Sunday, 29 November 2020

Tiffany D Jackson's 'Monday's Not Coming' | Audiobook Review ★★★☆☆

Monday's Not Coming by Tiffany D Jackson | Audiobook Review | Superior Young Adult Fiction

My first thought on finishing Tiffany D Jackson's Monday's Not Coming was joy, "so glad it's over" to be precise. There are four primary reasons for this, three of which drive my three-star review.

Monday's Not Coming is about two best friends Claudia and Monday, how Monday comes from a severely abusive home and how Claudia is seemingly the only person who cares when Monday doesn't return to school after the summer holidays.

It is one of the most ugly, devastating stories I've read, similar in theme and tone to Courtney Summers's Sadie, which I voted as my favourite book of 2019. The storytelling was also slightly similar but whereas Sadie utilised two timelines, Monday's Not Coming uses a very messy and convoluted four storylines. This shouldn't have been a problem but I listened to the novel on audiobook and have to admit that it would have been far better to read in written form to try anchor the various timelines.

I'm a great fan of audiobooks and Imani Parks did an exceptional job of bringing Claudia's voice to life but ultimately ten hours of audio was too long for this novel and I committed the cardinal audiobook-lover's sin of listening to the book at 1.25x speed. I just wanted it to be over.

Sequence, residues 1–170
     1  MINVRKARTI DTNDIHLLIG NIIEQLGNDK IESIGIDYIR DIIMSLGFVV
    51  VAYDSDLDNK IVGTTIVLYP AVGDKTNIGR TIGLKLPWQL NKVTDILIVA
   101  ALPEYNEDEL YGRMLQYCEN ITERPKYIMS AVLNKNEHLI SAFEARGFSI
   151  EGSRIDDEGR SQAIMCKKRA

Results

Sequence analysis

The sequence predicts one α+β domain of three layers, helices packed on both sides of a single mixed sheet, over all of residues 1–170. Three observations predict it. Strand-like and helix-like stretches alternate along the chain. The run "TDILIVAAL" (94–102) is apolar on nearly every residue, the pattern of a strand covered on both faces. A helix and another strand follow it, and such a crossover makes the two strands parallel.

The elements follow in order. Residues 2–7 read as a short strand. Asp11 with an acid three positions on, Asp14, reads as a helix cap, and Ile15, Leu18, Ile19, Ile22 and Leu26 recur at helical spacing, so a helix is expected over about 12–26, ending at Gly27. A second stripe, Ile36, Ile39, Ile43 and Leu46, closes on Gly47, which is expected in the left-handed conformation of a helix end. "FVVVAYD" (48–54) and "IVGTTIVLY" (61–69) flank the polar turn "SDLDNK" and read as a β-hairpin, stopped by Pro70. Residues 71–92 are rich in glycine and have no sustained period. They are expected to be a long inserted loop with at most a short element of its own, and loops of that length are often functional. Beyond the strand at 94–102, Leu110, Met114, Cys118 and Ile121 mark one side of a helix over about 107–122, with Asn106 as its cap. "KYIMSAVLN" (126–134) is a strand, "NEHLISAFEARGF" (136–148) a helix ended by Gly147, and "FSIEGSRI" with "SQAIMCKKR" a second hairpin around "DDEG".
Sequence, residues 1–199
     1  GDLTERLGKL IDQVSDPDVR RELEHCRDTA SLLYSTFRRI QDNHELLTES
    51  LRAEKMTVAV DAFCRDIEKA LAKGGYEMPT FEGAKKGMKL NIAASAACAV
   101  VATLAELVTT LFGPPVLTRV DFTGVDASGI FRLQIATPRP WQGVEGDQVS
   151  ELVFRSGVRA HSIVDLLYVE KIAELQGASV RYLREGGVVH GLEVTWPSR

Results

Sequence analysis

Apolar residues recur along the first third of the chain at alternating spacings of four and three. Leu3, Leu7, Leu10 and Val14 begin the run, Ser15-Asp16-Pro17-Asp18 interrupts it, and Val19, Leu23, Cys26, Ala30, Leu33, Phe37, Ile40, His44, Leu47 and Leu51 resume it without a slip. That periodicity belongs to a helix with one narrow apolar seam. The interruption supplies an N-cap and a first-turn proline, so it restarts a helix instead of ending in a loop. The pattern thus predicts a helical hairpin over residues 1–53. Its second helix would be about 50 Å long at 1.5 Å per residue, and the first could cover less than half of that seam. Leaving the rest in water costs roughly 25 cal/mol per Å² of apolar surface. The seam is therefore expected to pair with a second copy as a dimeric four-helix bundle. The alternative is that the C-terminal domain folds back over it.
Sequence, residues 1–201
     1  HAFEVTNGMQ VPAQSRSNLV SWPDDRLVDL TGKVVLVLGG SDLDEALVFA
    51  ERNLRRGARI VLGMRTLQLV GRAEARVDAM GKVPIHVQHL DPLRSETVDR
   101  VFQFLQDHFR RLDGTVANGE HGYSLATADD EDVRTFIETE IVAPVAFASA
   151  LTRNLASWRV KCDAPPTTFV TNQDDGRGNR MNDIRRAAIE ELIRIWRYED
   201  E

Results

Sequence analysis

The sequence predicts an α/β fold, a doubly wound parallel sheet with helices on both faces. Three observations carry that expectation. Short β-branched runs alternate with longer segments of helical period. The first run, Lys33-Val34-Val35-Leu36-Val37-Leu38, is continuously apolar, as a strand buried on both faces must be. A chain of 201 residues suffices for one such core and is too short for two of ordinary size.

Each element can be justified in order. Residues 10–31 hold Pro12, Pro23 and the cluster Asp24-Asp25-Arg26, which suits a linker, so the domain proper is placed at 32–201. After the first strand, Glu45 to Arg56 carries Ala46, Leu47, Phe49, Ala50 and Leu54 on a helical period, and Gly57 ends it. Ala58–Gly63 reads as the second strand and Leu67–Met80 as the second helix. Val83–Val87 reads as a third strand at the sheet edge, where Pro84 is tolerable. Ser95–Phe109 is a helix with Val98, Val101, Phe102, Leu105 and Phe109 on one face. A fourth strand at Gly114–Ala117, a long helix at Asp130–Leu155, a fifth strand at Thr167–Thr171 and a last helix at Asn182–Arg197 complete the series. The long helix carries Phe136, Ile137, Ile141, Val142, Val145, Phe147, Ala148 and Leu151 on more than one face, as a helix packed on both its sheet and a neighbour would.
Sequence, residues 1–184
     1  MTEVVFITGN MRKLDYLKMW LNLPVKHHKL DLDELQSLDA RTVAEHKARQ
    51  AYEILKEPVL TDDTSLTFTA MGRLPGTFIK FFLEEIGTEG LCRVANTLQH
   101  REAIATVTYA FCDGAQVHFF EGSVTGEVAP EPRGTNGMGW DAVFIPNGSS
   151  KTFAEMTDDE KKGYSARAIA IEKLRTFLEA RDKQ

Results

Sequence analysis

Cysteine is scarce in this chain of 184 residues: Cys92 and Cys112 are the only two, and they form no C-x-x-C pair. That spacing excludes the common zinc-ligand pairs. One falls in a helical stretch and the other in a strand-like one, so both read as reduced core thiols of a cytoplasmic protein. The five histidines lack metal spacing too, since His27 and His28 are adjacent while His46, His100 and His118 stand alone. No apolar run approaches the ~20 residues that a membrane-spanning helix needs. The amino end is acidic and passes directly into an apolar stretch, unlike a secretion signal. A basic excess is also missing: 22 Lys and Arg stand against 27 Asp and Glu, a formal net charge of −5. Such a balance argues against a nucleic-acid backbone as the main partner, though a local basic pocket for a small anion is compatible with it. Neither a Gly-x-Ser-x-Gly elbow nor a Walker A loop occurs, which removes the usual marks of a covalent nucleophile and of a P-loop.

Monday's Not Coming by Tiffany D Jackson | Audiobook Cover | Superior Young Adult FictionA lengthy audio narration and dark themes wouldn't have impacted my rating but the confusing timelines certainly did. What ultimately moved my rating from four to three stars was a very clumsy PTSD and amnesia twist. It was a twist-too-far to an already complicated story, a twist I felt was unnecessary to the outcome of the novel or the core themes of the novel itself.

I also didn't feel that it was particularly authentic; this is strictly my own experience but I actually did experience partial-amnesia following a bank robbery (20 years ago) and every part of my mind was screaming "it doesn't work like that" as I read this book. What Jackson is describing is a rare fugue state that would likely have required hospitalisation or at the least permanent adult supervision.

Ultimately, I give Monday's Not Coming an okay three out of five stars. What saved this from being a two-star review was Monday's story. Like Sadie, this is a story that will haunt me for some time after I've finished it.

★★★☆☆

Support local bookshops and buy Monday's Not Coming at Bookshop.org. You can also visit the Addicted to Media YA Fiction Bookshop to see my recommendations (note: both these links are affiliate links; I will receive a small commission if you purchase using these links at no extra cost to you).

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